WNUF Halloween Special
Dir. Chris LaMartina (2013)
WNUF hosted a Halloween special in 1987, where local newscasters attempted to do a séance in an allegedly haunted house. Thankfully, someone taped it.
CAUTION: MAY CONTAIN SPOILERS
I jumped on this one as soon as it was announced from Vinegar Syndrome, having checked it out on YouTube several years back. Growing up in the 80’s, I’ve seen this film many times over (without the ending, of course), because this is a dead-on parody of news programs from that era. The film is so well done that I found myself forgetting that I was watching a modern movie several times throughout the film. Complete with faux snow effects and with a low-fi aesthetic, LaMartina absolutely nails this film as a nostalgic treasure for anyone older than 30.
It’s a brilliant idea for a film, presenting a fake Halloween special told in all of it’s 1987 glory, and every piece of it is a relic from a time unfortunately gone-by. Paul Fahrenkopf is phenomenal as newscaster Frank Stewart, the harumphing street reporter on the scene for the séance in the infamous Webber House, the site of a The Spirit Board Murders twenty years before the events of this film. Stewart teams up with Father Matheson (Robert Long II) and paranormal investigators Louis (Brian St. August) and Claire (Helenmary Ball) Berger to attempt to summon the spirits of those that died during that event. Naturally, things go a bit awry, throwing some actual scares at the audience punctuated by some legitimately funny moments.
The film does drag at times, perhaps committing a bit too much to the bit to create a film that is a “fun” watch. It’s slow, but it’s accurate, very much a showcase of what television was like in the 80’s. God only knows how many times I sat through the most boring nonsense from my local channel awaiting the segments they promised were coming “right after the commercial break.” The commercials are also fantastic, from the Hazlehurst Oil ad about “unavoidable oil spills” to the Demolition Derby commercial that tells you that “they’ll sell you the whole seat, but you’ll only need the edge!” WNUF even shows the movie ads with the voiceover by the local affiliate, describing the movies with a local flair and a terrible sense of humor. It’s all there, just like it would have been had this actually been taped in 1987.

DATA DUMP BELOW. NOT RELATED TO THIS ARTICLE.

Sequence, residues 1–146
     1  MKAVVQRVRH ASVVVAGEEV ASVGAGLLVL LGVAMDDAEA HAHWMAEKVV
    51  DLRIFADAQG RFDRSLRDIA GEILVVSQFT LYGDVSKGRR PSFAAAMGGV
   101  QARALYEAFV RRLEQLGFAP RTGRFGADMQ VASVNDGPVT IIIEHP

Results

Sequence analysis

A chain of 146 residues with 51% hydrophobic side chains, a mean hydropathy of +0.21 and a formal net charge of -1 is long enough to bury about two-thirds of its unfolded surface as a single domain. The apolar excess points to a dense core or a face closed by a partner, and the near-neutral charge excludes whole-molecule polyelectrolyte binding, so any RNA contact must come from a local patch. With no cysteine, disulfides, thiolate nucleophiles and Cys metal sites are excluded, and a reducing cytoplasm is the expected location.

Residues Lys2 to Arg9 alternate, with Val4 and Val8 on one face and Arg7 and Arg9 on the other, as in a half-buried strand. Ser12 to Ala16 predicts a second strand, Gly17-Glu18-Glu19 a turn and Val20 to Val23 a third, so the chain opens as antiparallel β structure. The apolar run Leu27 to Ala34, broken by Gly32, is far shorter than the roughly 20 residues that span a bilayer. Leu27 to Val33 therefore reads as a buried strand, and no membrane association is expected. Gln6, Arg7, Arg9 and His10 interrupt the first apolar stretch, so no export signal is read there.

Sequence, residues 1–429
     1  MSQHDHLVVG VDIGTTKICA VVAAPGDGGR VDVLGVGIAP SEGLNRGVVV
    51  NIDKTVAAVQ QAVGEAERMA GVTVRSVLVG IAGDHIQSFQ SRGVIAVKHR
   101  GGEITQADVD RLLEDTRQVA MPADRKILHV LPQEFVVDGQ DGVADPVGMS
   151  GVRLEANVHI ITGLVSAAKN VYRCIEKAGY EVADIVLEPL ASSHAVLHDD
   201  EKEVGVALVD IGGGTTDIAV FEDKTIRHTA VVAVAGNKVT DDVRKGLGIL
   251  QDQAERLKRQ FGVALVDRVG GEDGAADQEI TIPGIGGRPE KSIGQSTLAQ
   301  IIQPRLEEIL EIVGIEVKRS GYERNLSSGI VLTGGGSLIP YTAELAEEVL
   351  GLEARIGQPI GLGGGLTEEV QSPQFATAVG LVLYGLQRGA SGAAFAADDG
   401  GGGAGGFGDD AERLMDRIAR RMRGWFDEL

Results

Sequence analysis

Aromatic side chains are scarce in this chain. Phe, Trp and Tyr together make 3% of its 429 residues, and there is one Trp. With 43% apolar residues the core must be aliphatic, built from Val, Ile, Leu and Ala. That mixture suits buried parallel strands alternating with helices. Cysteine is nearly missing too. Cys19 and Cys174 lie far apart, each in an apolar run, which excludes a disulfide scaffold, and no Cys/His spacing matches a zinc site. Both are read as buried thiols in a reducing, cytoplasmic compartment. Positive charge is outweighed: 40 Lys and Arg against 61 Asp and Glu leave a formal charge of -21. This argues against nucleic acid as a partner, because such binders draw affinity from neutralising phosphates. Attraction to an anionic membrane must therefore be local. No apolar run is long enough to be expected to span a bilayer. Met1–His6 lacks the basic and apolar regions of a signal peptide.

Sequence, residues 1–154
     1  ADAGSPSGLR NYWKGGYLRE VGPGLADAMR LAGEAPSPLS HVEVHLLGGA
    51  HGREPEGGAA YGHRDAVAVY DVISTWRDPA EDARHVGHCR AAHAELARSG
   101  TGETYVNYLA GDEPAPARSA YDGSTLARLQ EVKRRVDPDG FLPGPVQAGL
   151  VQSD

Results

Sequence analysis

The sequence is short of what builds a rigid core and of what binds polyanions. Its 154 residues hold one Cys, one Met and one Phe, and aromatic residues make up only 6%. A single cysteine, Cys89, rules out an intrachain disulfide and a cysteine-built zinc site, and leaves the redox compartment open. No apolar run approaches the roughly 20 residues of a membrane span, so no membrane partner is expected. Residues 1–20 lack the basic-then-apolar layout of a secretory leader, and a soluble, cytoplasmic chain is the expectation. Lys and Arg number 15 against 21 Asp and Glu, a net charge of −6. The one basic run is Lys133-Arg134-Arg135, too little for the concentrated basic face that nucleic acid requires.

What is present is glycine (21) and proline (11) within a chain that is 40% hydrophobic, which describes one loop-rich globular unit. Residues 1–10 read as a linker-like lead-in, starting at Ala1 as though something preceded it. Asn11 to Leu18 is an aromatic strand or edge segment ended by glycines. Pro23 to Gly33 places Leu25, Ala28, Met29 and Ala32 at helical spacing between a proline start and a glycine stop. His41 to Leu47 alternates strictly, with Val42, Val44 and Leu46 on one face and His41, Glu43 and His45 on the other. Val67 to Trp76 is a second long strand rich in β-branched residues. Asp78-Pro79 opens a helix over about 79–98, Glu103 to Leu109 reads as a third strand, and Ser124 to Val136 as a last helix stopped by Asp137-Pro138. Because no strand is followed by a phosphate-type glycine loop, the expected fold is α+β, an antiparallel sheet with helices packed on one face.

WNUF Halloween Special is a one-of-a-kind indie phenomenon, a modern cult classic that blew people away when it was released in 2013. If you grew up in the 80’s, you had a local newscaster like Frank Stewart. You played at a mall arcade like Tokens, and those damn drug commercials were everywhere. It’s difficult to explain exactly what the 80’s looked and felt like, but WNUF comes about as close as possible to replicating that experience. It’s truly an amazing accomplishment to be able to capture an entire generation of television in one film, but LaMartina has managed to do it with this film. It’s rare that I would label a film an “experience,” but this one fits the bill like very few others.
Who this movie is for: Horror comedy lovers, Nostalgic 80’s horror fans, TV news reporters
Bottom line: WNUF Halloween Special is an extraordinary film, one that encapsulates everything that watching local television was like in the 80’s. The commercials are hilarious, the scares, while not that frequent, are good, and the comedy hits more than it misses. Paul Fahrenkopf is outstanding as newscaster Frank Stewart, and every member of the cast knocks their role out of the park. It’s a bit slow, and it does sometimes remind us that television in the 80’s wasn’t that great, but it is a pitch-perfect recreation of my childhood. Nostalgia alone would make this one worth a watch, but it’s a fantastic film even if you aren’t old as fuck. Definitely recommend checking this out, especially with Vinegar Syndrome’s excellent blu ray release. LaMartina has a sequel to the film as well, which I was lucky enough to check out at Terror Vision Fright Fest 2022.